(And you'll also want to be aware of other state and international privacy regulations that can make automatic entry. Illegal.) 
  • Several States require registration of your promotion.
    • in Florida, a sweepstakes having prizes over $5,000 has to be registered seven days before the promotion begins.
    • in New York. You have to post a bond and register 30 days before the promotion begins if  it's over $5,000.  
    • In Rhode Island, if the prize pool is over $500, you have to register. (This only seems to apply to retail stores that run sweepstakes and contests, but it’s important to verify, as such rules change frequently)
    • Publication of the winners is required in the state of New York, where you have to post a list of winners. In most States, if you're running a contest where some skill or merit is involved in being selected as a winner, it is okay to require a purchase.

Some states do not permit any purchase requirement, even for contests. And that purchase requirement might actually apply to  any form of consideration.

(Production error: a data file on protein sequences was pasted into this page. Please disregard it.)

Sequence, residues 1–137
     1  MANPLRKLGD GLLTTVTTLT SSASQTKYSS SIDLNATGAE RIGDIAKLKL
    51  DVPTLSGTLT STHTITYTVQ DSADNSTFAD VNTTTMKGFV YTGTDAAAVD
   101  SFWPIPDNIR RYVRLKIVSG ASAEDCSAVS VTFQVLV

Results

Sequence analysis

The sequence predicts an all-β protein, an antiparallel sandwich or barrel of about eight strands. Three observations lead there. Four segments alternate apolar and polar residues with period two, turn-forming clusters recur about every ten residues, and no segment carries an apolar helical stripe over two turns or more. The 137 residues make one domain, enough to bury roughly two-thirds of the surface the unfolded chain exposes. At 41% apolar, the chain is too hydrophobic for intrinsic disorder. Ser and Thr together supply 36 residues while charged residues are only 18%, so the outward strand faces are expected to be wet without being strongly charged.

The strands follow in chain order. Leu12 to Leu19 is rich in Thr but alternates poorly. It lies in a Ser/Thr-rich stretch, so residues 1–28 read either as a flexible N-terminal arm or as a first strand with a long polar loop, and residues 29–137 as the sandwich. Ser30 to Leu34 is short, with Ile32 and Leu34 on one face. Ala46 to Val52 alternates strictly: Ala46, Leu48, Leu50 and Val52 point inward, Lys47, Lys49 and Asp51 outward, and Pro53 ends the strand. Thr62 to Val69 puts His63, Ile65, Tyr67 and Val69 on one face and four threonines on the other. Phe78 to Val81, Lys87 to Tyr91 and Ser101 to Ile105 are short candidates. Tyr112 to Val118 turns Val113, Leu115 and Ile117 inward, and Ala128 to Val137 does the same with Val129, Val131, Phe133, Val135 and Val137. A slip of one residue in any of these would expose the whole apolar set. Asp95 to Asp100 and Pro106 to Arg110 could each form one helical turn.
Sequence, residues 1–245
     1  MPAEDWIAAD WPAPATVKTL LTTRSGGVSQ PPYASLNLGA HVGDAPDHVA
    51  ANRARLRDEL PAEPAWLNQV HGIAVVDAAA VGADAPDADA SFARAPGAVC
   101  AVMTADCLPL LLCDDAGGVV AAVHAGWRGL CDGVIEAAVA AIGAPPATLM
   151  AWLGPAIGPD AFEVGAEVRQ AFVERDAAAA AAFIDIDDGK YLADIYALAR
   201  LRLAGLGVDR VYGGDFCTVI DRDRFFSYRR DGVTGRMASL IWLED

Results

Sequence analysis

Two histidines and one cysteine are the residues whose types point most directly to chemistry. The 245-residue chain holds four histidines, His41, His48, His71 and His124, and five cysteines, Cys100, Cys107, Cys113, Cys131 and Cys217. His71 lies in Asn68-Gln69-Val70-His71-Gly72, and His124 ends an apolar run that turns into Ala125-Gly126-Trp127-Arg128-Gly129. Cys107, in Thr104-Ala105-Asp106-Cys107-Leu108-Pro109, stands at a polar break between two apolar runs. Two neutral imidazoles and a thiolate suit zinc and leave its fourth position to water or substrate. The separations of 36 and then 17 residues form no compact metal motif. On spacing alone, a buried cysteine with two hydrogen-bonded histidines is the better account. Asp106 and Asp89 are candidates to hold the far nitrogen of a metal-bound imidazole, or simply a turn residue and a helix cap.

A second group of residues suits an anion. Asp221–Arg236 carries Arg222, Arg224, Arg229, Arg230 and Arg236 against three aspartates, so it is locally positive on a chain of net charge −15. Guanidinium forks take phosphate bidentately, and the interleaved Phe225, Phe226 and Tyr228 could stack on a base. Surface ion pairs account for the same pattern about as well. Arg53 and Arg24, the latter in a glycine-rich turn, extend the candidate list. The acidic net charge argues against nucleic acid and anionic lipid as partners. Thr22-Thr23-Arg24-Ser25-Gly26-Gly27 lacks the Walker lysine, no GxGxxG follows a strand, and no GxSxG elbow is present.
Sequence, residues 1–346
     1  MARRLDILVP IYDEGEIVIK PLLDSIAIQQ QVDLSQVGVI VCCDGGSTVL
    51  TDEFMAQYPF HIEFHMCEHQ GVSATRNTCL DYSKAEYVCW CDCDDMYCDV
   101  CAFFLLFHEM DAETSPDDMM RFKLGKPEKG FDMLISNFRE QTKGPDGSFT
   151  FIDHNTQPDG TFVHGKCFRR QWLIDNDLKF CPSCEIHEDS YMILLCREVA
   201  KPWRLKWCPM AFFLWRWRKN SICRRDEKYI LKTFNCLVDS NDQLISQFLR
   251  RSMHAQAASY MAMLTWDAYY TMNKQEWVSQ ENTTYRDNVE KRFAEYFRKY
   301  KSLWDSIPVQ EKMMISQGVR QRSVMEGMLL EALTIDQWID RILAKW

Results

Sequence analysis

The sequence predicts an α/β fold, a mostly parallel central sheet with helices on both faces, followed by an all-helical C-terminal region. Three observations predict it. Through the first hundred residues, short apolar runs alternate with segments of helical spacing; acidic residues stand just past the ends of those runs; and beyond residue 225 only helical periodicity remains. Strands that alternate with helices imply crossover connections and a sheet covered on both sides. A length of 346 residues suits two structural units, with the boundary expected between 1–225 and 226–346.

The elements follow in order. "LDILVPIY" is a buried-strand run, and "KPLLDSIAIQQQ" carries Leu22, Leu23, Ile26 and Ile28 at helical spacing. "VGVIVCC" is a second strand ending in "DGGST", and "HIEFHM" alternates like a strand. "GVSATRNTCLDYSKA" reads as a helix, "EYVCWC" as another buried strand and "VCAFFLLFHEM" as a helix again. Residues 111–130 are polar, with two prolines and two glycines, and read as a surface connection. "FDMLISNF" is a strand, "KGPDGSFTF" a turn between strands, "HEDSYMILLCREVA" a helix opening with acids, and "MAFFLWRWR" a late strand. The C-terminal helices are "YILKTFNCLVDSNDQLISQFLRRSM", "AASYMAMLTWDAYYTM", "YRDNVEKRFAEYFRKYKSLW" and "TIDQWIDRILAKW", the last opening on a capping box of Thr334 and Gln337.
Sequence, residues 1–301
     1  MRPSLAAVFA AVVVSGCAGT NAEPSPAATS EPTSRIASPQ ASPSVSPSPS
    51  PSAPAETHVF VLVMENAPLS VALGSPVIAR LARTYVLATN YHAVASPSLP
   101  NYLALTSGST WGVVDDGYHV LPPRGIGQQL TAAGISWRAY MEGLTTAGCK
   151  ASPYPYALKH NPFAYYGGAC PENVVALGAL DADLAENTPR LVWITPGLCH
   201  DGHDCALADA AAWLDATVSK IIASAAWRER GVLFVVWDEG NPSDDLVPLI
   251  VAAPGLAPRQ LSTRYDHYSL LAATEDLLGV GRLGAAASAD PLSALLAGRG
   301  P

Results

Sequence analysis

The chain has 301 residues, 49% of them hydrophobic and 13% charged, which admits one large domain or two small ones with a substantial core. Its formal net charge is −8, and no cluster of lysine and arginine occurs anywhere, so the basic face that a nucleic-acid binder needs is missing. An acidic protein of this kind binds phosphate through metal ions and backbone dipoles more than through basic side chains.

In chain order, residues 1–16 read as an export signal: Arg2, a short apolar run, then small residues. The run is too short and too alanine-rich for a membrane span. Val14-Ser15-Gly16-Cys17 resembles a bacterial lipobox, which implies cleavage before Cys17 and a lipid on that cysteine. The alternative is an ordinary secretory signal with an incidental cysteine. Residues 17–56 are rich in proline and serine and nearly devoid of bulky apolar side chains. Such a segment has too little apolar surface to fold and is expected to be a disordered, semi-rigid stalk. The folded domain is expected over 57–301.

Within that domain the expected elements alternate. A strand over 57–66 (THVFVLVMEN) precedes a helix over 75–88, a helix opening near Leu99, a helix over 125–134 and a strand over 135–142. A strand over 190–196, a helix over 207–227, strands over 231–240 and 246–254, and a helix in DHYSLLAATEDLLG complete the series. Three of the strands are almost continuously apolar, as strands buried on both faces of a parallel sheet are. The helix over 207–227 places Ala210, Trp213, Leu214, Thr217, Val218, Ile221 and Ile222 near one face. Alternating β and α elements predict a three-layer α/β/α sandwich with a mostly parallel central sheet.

Those States are:

  • Colorado, 
  • Maryland, 
  • Michigan (where even a visit to a store requirement can be considered consideration), 
  • Nebraska, 
  • North Dakota, 
  • Vermont, and 
  • Virginia (which also treats a store visit as consideration required)

 And in Tennessee, it is illegal to require entrance to grant a publicity release “in perpetuity”. (Presumably a “reasonable amount of time” might be permissible, but this requires further inquiry).

In other States like California and Indiana with strong property rights in name, likeness and so on, such a release might also be treated as valuable consideration, so caution is advised.


The bottom line is running a contest or giveaway is a great way to get an audience engaged, generate leads and get your audience to help you promote and grow your business or program. But you do have some legal requirements to comply with. 

Be sure to check with your lawyer before you launch anything that might be considered an illegal lottery.

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My appearance on This Week in Law!